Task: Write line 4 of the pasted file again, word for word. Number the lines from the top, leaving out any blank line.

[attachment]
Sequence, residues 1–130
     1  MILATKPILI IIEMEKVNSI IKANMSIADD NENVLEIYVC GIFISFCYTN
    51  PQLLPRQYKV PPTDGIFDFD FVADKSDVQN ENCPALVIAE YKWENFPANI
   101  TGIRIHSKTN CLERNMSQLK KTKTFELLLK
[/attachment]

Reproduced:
   101  TGIRIHSKTN CLERNMSQLK KTKTFELLLK